2006: Hidden historical gems dot southeastern Scottish coast
Thursday, June 30, 2011
There’s no quibble that six Open Championships were held here, the last in 1889, when the Honourable Company of Edinburgh Golfers pulled up stakes and moved a wee bit east to a little place called Muirfield. And there’s no question but that the game’s early greats – Mungo and Willie Park, David Brown, Young Tom and Old Tom Morris – trod the nine holes at Musselburgh still here, mostly within the Musselburgh Race Course track, though play is wisely suspended when the horses are running.
It’s not likely an American will cross the pond with play at Musselburgh Links at the top of the to-do list, but it’s tough to nudge much closer to the origins of the game than roaming over the par-34, 2,808-yard shrine with a light canvas bag filled with a hickory-shafted brassie, cleek, niblick and putting iron.
Indeed, my mistake in past Scotland trips was not lingering in the Lothians. Like most visitors, I would touch down in Edinburgh and head off to Turnberry, Royal Troon or other Scottish gems, drawn like a magnet in particular to St. Andrews. Fine destinations all, but golfers who leave the southeastern Scottish coast off their itineraries are repeating a mistake I’ll never make again.
There are 21 courses in East Lothian alone, all decent, some great. The total will climb to 22 in about a year, when the Tom Doak-designed Renaissance Club will be ready for play virtually next door to Muirfield.
I began my visit slightly west of Edinburgh at the Marriott Dalmahoy Hotel & Country Club, all of three miles from the airport, making its West Course (5,168 yards, par 68) a perfect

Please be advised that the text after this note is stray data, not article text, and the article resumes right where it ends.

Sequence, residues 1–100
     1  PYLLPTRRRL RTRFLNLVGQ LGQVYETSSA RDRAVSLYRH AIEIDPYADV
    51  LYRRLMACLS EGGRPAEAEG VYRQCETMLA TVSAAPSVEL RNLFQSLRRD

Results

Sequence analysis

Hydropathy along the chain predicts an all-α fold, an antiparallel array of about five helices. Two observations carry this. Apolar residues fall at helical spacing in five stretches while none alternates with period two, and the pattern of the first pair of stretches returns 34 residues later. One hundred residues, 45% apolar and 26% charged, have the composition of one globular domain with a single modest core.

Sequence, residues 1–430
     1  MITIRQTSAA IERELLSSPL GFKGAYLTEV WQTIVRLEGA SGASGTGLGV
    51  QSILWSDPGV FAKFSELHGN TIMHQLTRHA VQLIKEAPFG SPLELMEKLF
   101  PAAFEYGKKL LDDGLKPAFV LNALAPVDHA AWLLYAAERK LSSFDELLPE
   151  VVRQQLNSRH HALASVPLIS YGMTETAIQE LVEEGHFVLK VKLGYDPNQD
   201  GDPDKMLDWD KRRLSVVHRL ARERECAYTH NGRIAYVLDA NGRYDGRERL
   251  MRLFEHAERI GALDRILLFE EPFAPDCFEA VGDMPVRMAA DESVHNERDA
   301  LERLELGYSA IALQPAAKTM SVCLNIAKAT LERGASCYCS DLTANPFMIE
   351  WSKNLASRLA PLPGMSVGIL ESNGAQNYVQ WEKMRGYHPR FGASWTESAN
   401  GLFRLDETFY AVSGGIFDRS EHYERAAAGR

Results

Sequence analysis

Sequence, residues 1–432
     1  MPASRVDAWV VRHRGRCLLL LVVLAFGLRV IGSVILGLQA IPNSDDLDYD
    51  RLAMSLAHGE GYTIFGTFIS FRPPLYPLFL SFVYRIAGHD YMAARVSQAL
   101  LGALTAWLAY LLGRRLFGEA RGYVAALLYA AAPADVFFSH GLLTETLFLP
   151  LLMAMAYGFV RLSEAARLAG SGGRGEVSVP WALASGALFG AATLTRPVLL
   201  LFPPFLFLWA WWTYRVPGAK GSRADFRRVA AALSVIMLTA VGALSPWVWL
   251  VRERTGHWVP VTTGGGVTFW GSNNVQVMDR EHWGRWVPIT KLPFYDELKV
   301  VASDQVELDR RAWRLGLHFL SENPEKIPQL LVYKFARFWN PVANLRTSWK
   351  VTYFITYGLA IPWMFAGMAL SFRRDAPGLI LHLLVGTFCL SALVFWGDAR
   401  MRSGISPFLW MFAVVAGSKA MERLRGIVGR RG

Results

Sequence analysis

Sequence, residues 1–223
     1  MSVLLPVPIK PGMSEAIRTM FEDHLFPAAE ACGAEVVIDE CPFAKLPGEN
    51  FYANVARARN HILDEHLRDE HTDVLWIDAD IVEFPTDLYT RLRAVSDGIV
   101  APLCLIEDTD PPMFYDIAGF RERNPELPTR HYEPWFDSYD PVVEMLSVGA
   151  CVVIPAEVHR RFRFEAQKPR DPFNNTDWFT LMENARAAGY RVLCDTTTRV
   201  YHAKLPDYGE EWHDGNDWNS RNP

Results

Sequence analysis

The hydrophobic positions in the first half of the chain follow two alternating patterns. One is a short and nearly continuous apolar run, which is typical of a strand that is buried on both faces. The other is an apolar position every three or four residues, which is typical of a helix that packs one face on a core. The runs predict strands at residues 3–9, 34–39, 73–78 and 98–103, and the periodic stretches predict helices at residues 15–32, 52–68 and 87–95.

jet-lag round, though the tree-lined fairways of this parkland course might look a little tight to the bleary-eyed.
A full-service luxury golf resort with academy and spa, the Dalmahoy is within sight of Edinburgh’s famed castle, yet seemingly worlds away on 1,000 acres of Scottish countryside, housed partially in a 1720 Georgian mansion. Mary Queen of Scots, who apparently kept
her bags packed, also was said to have visited Dalmahoy, though well in advance of James Braid, who laid out the resort’s two courses in 1927.
A grand statue of Braid gazes over the first and 10th tee boxes of the championship East Course, site of the Solheim Cup in 1992, and now, after
a few holes were rejiggered, the longest course in Scotland at 7,475 yards – a distance not even tested by the pros when Sam Torrance won the Scottish Seniors Open here in early September. But the bragging rights are there to be had.
Edinburgh, surely one of the planet’s most agreeable capital cities, almost doubles in population to 1 million during August’s Festival month, when six international arts festivals run concurrently. But there still are plenty of tee times to be had, especially if one tootles 20 to 40 minutes along the road east.
My first round in East Lothian was at Dunbar, 29 miles from Edinburgh, and my zeal for this links course, with 14 consecutive holes running along the shores of the North Sea, is only partially because I shot my lowest round ever. True, I had an assist from the weather, which was unseasonably calm and mild during my week’s visit in late September. Of the 135 holes I played, only the last two had me toting the umbrella.
Maybe it was something speaking to my Celtic blood, but Dunbar felt like home, the relatively flat Old Tom Morris layout with its huge and speedy greens blending harmoniously with sea and sky, the distant view of the town, the iconic Bass Rock a constant sentinel rising from the waters. Maybe it was just the joy of the bump-and-run game, where I could putt from 30 yards off most greens and concede nothing to shaky wedge play.